7 Things You Can Stash in Your Carry-On—and 4 You Definitely Can’t
Knowing exactly what you can—and can't—bring can be a mystery. We spoke with TSA experts to learn the ins and outs of a hassle-free security line experience.
Allowed: breast milk
Many parents don't know that you can bring formula, breast milk, and juice in quantities greater than the 3.4 oz restricted amount when flying with a baby. Here are seven other mistakes new parents make when traveling with Junior. "The breast milk needs to be a "reasonable" amount, and you must inform the TSA officer you are carrying it. These liquids are likely to undergo x-ray," says Trish McDermott, VP of Community & Communications of Babierge, a company that provides rental baby gear for travelers.
For a safe trip, you'll want to pack these 10 first-aid essentials to bring with you on vacation. And you can fill a large (quart size) resealable plastic bag with all your medications—pain relievers, antibiotics, cough drops, diarrhea medication, birth control, prescription medication—and put the bag in your carry-on. TSA allows it, and: "It will save you a ton of money if you get sick while traveling," says Elizabeth Trattner, a licensed alternative doctor.
Plus, being prepared will make your whole trip go smoother. "This bag can be a lifesaver, and it will save you a ton of money when traveling anywhere. If you have children, this travel health kit is a must. I have a bag that is always prepared that I share on a routine basis with my patients that are preparing to travel. Travel size options are now available at many stores and can always be refilled upon return from travel. Many of my patients have come back from vacation happy that I shared this with them," says Trattner.
Not allowed: weapons
That may seem like a big 'ol "duh," but people do it all the time, according to the TSA. "During a two-week period from September through October of 2017, TSA officers discovered 165 firearms in carry-on bags around the U.S.. Of the 165 firearms discovered, 144 were loaded and 56 had a round in the chamber, ready to fire," says Jack Plaxe, a career security professional and the founder of the Security Consulting Alliance, a Louisville-based security consulting firm.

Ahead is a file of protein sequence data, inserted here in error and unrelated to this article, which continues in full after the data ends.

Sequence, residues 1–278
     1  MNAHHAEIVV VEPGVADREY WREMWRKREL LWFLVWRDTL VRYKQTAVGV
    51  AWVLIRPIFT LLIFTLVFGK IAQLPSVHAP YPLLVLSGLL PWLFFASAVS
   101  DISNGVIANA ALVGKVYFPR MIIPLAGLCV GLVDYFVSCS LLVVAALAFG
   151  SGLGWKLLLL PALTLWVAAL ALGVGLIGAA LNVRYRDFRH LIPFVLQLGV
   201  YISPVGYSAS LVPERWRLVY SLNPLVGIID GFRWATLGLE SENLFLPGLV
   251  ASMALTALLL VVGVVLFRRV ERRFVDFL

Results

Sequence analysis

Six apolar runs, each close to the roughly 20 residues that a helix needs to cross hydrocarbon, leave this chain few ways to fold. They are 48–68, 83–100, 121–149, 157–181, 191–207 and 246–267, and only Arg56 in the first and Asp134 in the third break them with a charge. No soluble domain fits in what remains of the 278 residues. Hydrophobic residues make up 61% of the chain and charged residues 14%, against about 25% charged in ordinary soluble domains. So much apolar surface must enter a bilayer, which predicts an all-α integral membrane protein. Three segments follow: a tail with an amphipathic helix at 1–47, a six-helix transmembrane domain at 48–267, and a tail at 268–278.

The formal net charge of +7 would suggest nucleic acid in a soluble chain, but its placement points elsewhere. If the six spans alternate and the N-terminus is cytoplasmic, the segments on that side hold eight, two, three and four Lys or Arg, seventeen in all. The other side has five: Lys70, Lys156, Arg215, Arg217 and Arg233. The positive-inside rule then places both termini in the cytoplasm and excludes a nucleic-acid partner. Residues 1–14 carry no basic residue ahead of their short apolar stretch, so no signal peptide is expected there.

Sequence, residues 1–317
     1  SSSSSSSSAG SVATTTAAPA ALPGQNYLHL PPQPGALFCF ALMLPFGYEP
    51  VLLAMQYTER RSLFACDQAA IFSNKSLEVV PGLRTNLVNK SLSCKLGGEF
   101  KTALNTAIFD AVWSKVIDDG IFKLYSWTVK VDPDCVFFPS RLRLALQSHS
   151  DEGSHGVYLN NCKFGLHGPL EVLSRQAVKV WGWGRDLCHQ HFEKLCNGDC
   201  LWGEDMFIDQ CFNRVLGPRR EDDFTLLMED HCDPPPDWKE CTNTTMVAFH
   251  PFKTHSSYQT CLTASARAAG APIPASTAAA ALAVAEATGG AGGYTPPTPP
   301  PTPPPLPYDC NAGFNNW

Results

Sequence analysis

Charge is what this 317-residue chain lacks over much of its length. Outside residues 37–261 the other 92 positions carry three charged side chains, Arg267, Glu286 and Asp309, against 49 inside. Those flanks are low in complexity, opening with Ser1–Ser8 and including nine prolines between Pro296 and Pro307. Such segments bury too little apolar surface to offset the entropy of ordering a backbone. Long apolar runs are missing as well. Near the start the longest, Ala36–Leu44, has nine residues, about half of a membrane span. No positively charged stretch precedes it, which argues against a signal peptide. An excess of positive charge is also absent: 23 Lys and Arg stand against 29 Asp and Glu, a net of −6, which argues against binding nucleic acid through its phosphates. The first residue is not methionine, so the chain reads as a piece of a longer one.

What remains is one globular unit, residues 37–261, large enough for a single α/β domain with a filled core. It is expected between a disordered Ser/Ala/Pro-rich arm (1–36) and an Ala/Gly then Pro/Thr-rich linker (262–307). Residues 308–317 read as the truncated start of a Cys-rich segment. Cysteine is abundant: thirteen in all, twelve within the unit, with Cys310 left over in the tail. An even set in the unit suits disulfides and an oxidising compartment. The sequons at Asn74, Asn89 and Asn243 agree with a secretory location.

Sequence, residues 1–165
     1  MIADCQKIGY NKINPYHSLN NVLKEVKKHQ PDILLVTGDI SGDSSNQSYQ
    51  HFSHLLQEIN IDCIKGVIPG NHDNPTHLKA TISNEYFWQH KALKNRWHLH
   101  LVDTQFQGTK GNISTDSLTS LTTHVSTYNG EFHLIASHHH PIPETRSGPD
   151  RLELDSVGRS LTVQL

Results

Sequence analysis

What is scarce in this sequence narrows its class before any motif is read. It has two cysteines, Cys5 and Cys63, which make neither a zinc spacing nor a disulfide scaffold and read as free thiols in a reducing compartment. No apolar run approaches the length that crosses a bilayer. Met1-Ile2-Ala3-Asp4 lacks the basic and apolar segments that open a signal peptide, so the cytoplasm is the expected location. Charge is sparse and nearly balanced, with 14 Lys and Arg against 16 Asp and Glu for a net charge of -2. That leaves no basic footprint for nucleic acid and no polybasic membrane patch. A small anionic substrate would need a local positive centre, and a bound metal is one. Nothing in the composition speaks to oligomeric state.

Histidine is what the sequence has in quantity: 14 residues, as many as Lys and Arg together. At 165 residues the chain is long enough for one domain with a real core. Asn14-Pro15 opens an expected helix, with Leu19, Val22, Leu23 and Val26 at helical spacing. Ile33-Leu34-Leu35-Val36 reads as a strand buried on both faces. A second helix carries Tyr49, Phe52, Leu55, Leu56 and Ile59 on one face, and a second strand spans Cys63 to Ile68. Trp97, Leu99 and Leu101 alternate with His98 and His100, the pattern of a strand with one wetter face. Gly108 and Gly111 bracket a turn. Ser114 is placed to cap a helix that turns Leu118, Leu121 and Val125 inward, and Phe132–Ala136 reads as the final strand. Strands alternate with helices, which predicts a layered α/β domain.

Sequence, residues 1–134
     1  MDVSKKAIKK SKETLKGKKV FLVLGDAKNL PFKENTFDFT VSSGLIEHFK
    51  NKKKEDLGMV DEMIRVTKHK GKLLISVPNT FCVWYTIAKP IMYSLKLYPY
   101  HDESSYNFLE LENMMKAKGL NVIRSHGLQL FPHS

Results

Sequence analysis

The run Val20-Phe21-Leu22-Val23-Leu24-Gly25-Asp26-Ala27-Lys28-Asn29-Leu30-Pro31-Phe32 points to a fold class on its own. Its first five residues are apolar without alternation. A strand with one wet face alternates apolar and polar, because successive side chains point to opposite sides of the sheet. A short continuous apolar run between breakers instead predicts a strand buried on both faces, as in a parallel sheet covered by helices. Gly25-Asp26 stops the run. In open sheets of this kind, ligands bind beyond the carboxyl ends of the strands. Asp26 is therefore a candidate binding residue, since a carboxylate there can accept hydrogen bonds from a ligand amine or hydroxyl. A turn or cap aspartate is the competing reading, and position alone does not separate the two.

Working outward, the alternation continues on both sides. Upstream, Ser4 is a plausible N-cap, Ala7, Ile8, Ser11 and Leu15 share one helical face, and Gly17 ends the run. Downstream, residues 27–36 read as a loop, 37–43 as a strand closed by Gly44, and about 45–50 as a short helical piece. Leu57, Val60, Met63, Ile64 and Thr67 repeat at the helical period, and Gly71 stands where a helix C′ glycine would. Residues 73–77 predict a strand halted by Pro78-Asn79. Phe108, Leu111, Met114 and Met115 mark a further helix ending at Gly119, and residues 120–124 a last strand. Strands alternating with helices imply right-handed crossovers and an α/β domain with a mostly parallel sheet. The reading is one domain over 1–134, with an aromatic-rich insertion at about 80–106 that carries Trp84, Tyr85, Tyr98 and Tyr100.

This is not uncommon. In fact, TSA officers discovered more than 3,300 firearms in carry-on bags in 2016. "Each year, TSA officers also regularly find realistic replica firearms, BB and pellet guns, airsoft guns, brass knuckles, ammunition, batons, stun guns, knives, and many other prohibited items too numerous to list," says Plaxe. Want to lighten up? Who knew that the TSA's Instagram account could be such a delight?
Not allowed: large aerosol spray cans
Avoid packing anything that is combustible and pressurized into your carry-on, and that includes hairspray or deodorant sprays larger than 3.4 fluid ounces. "You don't want to bring anything that is flammable onto a plane. Just buy a new product once you get to your final destination," says Evy Poumpouras, a former Secret Service agent and TV correspondent on matters of security and law enforcement.
Not allowed: loose rounds